A new study has found that virtual possessions – digital imagery, Facebook updates, online music collections, e-mail threads and other immaterial artifacts of today”s online world – have a powerful hold on teenagers.
In a study of 21 teenagers, researchers at Carnegie Mellon”s Human-Computer Interaction Institute (HCII) and School of Design discovered that the very fact that virtual possessions don”t have a physical form may actually enhance their value.
For the young people in the CMU study, a digital photo that friends have tagged, linked and annotated is more meaningful than a photo in a frame or a drawer.
“A digital photo is valuable because it is a photo but also because it can be shared and people can comment on it,” said John Zimmerman, associate professor of human-computer interaction and design.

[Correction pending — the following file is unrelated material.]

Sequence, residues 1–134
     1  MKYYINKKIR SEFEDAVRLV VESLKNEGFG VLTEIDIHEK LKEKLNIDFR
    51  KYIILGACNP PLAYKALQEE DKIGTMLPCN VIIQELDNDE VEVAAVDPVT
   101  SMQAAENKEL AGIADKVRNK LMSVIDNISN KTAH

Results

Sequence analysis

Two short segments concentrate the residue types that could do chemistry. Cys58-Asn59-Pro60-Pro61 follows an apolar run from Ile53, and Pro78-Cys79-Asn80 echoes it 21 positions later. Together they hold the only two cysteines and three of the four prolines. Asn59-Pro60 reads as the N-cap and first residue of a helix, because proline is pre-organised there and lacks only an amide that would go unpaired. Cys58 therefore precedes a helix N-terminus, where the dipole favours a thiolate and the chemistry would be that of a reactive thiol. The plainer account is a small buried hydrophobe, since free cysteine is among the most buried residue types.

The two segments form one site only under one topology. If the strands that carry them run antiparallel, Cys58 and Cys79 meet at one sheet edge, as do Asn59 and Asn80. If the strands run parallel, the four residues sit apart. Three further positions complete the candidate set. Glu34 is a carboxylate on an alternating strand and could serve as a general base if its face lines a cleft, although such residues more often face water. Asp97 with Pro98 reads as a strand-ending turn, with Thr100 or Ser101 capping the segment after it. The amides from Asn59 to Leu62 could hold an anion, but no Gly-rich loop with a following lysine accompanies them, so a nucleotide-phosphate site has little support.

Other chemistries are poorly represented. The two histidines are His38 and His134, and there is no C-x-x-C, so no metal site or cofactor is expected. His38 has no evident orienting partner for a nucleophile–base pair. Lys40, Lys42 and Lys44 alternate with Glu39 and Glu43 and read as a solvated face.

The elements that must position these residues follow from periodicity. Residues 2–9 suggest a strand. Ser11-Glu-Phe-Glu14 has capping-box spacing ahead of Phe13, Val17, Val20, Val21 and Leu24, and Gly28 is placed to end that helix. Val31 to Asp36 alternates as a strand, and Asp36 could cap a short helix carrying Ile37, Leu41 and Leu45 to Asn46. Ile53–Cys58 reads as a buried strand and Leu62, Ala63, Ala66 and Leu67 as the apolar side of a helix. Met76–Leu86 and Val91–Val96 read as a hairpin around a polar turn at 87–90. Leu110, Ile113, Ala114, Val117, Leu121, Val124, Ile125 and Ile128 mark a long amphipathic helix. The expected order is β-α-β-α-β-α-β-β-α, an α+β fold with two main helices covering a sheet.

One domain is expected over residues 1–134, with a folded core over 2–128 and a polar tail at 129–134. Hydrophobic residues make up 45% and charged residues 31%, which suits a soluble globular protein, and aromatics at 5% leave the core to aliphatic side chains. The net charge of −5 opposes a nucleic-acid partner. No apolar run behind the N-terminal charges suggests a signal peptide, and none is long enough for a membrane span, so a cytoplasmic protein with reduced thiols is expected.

For their study, the researchers recruited nine girls and 12 boys, ages 12-17, from middle- and upper-middle-class families who had frequent access to the Internet, mobile phones and other technology.
The researchers interviewed them about their everyday lives, their use of technology and about the physical and virtual possessions that they valued.
The online world, in fact, allowed the teenagers to present different facets of themselves to appropriate groups of friends or to family.
The study was recently presented at CHI 2011, the Association for Computing Machinery”s Conference on Human Factors in Computing Systems in Vancouver.